Hilton, 44, has taken over his brother’s seat as a local MDC councillor.

He said the family woke up to the noise of a group of Zanu PF supporters, who he claims included government security officials.

“Gibbs, who had just been elected councillor, said we had no choice but to face our death. We then decided to come out and face our death,” Hilton said.

The gang, said Hilton, was armed with sticks, stones and gallons of petrol and started burning the families’ property, including livestock.

“It all happened fast,” he said, shaking with emotions that have been building up over the past three years since the ordeal happened. “Some were shooting, others were burning our chickens, cattle and pigs. Our house was also being burnt at the same time. We had nowhere to run.

“Because they had surrounded our entire compound, we had no escape. We surrendered. They took my brother and said to him, ‘so you have been elected councillor? Do you think you will ever be councillor here? We do not want MDC here’,” Hilton said.

Before tragedy struck, Chironga was a fairly successful rural farmer. She lives in abject poverty today, with no proper place to lay her head.

Her daughter Susan was present on the fateful day. She interjects, seeing her mother and brother cannot take it any more.

“My mother has not enjoyed good health since the fateful day. She was beaten up and forced to drink a pesticide. Her ribs were damaged,” she says, trying to look composed.

“My mother has not been well at all,” says the pint sized, 46-year-old woman.

Women like Susan and her mother are part of a vast number that rights and research groups such as Rau say suffered the most during the 2008 conflict.

Moses Mzila Ndlovu, one of the three members to the cross-party national healing organ says Zanu PF militancy has rendered efforts at reconciliation ineffective.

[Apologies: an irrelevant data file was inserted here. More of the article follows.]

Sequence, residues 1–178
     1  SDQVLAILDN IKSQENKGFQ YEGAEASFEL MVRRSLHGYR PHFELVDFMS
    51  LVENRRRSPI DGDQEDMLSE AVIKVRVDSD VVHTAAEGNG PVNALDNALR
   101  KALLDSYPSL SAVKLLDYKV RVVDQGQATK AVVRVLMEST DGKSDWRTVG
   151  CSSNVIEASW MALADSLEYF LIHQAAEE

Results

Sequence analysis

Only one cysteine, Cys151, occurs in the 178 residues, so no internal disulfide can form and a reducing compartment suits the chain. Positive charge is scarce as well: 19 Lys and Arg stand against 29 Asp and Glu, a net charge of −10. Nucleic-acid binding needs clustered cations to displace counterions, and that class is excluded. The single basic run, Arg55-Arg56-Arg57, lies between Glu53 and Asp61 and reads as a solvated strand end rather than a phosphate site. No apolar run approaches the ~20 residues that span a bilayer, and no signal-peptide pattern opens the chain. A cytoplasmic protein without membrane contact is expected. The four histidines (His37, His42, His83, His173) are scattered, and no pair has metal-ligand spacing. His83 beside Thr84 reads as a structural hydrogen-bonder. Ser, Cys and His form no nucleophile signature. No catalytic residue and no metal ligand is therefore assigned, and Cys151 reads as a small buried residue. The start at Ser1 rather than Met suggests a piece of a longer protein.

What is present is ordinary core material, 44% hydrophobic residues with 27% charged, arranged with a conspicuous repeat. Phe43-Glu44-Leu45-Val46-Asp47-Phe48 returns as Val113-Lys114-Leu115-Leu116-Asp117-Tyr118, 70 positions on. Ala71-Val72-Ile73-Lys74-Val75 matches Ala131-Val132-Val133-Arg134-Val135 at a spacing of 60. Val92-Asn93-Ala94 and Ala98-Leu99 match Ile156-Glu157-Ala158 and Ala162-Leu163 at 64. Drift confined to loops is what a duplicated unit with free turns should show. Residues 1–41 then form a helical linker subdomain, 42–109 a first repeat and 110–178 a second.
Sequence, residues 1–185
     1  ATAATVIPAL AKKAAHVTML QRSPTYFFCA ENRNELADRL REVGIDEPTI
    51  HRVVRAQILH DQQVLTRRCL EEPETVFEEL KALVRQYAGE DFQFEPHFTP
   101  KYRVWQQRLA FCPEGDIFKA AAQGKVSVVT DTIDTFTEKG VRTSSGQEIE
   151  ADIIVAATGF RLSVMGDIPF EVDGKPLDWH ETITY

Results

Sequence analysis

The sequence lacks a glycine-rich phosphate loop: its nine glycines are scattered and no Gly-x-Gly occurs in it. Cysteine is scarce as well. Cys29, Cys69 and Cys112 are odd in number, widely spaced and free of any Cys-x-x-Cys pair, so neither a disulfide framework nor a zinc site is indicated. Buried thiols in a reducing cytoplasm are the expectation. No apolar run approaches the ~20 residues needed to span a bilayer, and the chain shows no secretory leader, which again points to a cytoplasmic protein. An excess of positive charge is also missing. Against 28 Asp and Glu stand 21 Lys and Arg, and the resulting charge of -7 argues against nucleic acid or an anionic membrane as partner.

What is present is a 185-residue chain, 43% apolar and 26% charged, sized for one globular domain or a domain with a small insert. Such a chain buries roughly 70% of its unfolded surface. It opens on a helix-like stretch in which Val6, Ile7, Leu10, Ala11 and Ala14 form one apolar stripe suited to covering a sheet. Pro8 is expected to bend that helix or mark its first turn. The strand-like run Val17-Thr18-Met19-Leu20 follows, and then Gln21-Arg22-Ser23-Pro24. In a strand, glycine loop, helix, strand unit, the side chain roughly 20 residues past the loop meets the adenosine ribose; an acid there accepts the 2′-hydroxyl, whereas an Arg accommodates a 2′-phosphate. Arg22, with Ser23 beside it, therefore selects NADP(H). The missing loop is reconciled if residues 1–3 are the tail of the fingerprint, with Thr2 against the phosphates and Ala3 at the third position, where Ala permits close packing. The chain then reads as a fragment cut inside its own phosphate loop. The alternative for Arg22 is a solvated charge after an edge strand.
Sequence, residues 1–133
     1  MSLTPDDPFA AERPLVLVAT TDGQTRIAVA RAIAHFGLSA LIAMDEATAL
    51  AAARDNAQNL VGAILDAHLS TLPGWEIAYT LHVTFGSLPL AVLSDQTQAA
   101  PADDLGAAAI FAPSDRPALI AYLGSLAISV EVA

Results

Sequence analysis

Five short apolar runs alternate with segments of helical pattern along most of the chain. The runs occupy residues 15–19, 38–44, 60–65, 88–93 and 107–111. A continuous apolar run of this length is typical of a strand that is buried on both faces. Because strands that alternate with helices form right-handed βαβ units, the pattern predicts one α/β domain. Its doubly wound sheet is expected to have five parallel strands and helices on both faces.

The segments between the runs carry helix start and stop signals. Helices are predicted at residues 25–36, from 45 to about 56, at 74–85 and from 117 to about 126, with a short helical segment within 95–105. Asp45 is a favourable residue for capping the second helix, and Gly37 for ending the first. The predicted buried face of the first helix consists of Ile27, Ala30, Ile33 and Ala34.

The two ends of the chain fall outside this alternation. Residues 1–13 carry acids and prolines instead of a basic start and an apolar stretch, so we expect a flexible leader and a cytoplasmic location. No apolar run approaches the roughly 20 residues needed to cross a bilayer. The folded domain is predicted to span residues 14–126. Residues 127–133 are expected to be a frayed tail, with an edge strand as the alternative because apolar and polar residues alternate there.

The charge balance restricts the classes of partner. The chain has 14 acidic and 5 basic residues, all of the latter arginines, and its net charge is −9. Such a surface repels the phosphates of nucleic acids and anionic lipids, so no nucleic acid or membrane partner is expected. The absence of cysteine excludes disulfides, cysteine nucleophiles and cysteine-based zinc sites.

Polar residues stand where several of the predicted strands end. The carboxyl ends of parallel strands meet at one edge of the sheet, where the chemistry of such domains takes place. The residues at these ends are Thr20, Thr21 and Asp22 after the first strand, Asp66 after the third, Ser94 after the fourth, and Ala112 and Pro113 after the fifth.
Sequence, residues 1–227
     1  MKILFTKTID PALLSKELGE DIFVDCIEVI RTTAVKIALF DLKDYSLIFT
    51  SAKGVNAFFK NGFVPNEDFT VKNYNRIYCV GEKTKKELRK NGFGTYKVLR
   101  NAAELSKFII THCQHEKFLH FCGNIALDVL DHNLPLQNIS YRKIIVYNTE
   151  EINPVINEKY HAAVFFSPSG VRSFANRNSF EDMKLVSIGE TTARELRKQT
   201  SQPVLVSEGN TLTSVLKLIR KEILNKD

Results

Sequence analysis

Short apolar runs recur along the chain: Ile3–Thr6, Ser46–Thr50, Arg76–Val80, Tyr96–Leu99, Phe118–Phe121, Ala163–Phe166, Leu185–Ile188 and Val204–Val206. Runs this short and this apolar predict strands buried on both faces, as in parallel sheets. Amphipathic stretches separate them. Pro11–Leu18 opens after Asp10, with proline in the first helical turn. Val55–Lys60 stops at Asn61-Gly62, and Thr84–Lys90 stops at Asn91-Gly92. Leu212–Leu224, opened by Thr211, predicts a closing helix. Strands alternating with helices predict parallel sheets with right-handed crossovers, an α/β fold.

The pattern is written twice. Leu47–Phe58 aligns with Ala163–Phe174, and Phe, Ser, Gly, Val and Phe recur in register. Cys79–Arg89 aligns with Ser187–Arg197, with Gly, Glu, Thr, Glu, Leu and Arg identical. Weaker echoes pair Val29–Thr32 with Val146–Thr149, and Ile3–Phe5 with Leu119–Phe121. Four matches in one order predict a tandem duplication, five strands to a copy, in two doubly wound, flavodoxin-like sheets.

“There are some members in government particularly members of Zanu PF who are not keen on seeing the national healing function according to its mandate because they are really afraid they might find themselves in trouble,” Ndlovu said.

“Zanu PF activists have already started harassing us again, just recently I heard that the district provincial chairperson was looking for people to attack again," said Chironga.

“I do not know why their thirst for blood cannot be quenched,” grandmother Chironga said.

Deputy Minister of Women’s Affairs, Gender and Development Jessie Majome said women, who constitute 52 per cent of the population, were most affected by the 2008 election violence, including rape.

A Rau research published early last year states that out of 27 women it recorded as having been raped during the 2008 elections, 21 were also severely beaten up.

The United Nations resolution 1325 adopted in October 2000 states that governments should protect women during times of conflict.

Zimbabwe is also a signatory to various other instruments such as the Convention on Elimination of all form of Discrimination against Women, that protect women.

But, as the hype on a possible 2012 poll gathers momentum, Chironga and her family fear they might add to election violence statistics well before perpetrators of the 2008 violence are brought to book.

“They [Zanu PF supporters] are already telling us that this election is a do-or die [event], and they are coming after us,” she says.

Published in the Daily News, Zimbabwe, on February 29, 2012.

This investigative report was produced under the Strengthening Media Reform and Civil Society Transition in Zimbabwe project, a partnership between IWPR, the Humanitarian Information Facilitation Centre and the Media Centre in Harare.